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Compiler Design

by Siddharth Rajput
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UNIT VI: COMPILER DESIGN LAST SIX YEAR'S GATE ANALYSIS Number of questions 4 3 Marks 1 Marks 2 2 Total number of questions 1 0 2015 2014 2013 2012 2011 2010 Concepts on which questions were asked in the previous six years Chapter 6.indd 285 Year Concepts 2015 Control flow graph, Compiler phases, Parsers, LL(1) and LR(1) Grammar, Shift reducing parser 2014 Parsing, Static and dynamic memory allocation 2013 Parser, Languages 2012 Parsing, Grammar, Decidability 2011 Decidability, Languages 2010 Grammar, Compiler keywords 4/9/2015 9:59:32 AM
Chapter 6.indd 286 4/9/2015 9:59:32 AM
CHAPTER 6 COMPILER DESIGN Syllabus: Compiler design: Lexical analysis, Parsing, Syntax-directed translation, Runtime environments, Intermediate and target code generation, Basics of code optimization. 6.1  INTRODUCTION 6.2  COMPILERS AND INTERPRETERS Computer understands programs written in machine language. Building program in machine language is a tedious and an error-prone task for human. So the programs are written in high-level languages which are easily understood by human. A compiler is a program that converts high-level program into low-level machine language that is understood by machine. This subject deals with how a compiler is designed and organized. While writing a compiler, the compilation process is divided into various phases. These phases operate in sequence; each phase takes input from the previous phase and provides output to the next phase. 6.2.1  Compiler Chapter 6.indd 287 A compiler is a special program that reads statements written in a language (called source language) and then converts them into another language (called target language). In other words, a compiler is a program which translates statements written in high-level language (i.e. Java, C#, Visual Basic) into machine-level language (Fig. 6.1). In the process of translation, a compiler also checks for errors if any. 4/9/2015 9:59:32 AM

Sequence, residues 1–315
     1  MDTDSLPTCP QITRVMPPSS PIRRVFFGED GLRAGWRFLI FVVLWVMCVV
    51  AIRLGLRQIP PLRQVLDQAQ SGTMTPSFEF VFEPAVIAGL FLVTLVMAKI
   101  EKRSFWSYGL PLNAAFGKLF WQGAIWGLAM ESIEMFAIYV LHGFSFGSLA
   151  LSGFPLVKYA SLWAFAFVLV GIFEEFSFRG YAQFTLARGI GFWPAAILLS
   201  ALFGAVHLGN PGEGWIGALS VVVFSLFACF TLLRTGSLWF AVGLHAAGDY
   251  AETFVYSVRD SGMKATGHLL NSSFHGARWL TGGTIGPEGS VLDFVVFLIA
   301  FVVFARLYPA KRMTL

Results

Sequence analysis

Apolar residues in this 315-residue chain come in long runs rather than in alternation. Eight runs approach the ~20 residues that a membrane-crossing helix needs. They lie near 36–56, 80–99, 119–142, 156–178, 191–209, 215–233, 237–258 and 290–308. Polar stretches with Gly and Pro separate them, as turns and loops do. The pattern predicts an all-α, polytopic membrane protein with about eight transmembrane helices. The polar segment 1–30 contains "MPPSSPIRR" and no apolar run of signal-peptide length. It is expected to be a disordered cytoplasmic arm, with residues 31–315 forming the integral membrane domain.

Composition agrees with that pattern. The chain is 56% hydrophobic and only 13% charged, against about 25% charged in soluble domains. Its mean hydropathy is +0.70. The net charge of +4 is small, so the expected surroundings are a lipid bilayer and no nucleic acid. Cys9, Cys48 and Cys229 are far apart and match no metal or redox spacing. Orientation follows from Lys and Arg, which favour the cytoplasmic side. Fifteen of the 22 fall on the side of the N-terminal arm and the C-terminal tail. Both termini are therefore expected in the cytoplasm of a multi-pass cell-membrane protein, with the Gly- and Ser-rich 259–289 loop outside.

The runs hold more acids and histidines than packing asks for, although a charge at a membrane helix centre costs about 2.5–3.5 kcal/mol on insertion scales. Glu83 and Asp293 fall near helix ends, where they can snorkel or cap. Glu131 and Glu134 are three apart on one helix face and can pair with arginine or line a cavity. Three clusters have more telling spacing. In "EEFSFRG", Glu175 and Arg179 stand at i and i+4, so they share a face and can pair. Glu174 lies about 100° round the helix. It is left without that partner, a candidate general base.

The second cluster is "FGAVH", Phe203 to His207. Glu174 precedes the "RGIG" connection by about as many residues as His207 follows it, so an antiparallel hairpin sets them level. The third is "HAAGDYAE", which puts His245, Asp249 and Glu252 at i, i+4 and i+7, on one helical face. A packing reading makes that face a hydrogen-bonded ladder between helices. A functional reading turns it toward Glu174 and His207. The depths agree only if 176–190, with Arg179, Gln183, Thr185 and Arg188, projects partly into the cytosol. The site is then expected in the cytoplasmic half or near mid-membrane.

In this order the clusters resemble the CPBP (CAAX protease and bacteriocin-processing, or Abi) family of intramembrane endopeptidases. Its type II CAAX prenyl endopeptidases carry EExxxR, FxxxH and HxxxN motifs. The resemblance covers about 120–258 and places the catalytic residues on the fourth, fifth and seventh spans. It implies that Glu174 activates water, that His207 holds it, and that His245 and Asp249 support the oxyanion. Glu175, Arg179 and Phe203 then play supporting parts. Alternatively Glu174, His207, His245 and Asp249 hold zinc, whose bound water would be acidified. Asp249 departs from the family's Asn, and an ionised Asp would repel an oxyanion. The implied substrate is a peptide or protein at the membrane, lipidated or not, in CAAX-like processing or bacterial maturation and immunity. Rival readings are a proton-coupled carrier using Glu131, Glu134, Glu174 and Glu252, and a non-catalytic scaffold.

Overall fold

288     Chapter 6:  Compiler Design Lexical Analyzer High level language (HLL) Compiler Run Low level language Input Output Figure 6.1 |   Compiler. 6.2.2  Interpreter An interpreter takes a single instruction as input and converts it into machine-level language and shows errors in the statement if any (Fig. 6.2). It requires less memory than a compiler, and execution of conditional control statements are slower. Debugging is easier in an interpreter. High level language Input Interpreter Run Output Figure 6.2 |   Interpreter. Lexical analyzer reads the source program character by character at a time and unites them into a stream of tokens. Token is a group of character which represents keywords, operators and identifiers. Character sequence formed by tokens is called “lexeme”. Lexical analyzer is also known as lexer, tokenizer or scanner. If a lexical ­analyzer gets an invalid token, then it will generate an error. The lexical analyzer assigns an id to each token according to their occurrence. It makes entries of each identifier into the symbol table. As a lexical analyzer cannot enter all information regarding an identifier such as type and scope, the remaining information is inserted by the other phases of the compiler into the symbol table. For detail explanation about lexical analyzer, refer to Section 6.3.   1.  Symbol table: A symbol table is a data structure which stores identifier information related to its declaration and appearance in a program such as identifier id, type, scope, value and sometimes location. Link list and hashing are the common techniques which are used to construct symbol tables. Example 6.1 6.2.3  Phases of a Compiler Statement written in a source program is A compiler takes a source program written in high-level language as input and produces an equivalent set of machine instruction as output. The compiler process is complex, so it is divided into six sub-processes which are also known as phases of a compiler. The following are different phases of a compiler (Fig. 6.3):             1.  Lexical analyzer 2.  Syntax analyzer 3.  Semantic analyzer 4.  Intermediate code generator 5.  Code optimization 6.  Target code Input Lexical analyzer Syntax analyzer Semantic analyzer Intermediate code generator Code optimization A = B + C *25; Tokens generated by lexical analyzer A = B + C * 25 → → → → → → → Syntax Analyzer or Parser A syntax analyzer is the second and important phase of a compiler. It receives the tokens from the output of a lexical analyzer as an input. Parser performs two functions:   1.  A parser checks that the input tokens from a lexical analyzer are valid or not according to the specified grammar of source language.   2.  It generates a parse tree according to the given grammar to the source language. The grammar of source language is given below: Target code Output Figure 6.3 |   Phases of a compiler. Chapter 6.indd 288 Identifier Assignment operator Identifier Add operator Identifier Multiplication operator Constant S P T Q → → → → id = P P + T/T T *Q/Q id/Integer constant 4/9/2015 9:59:33 AM

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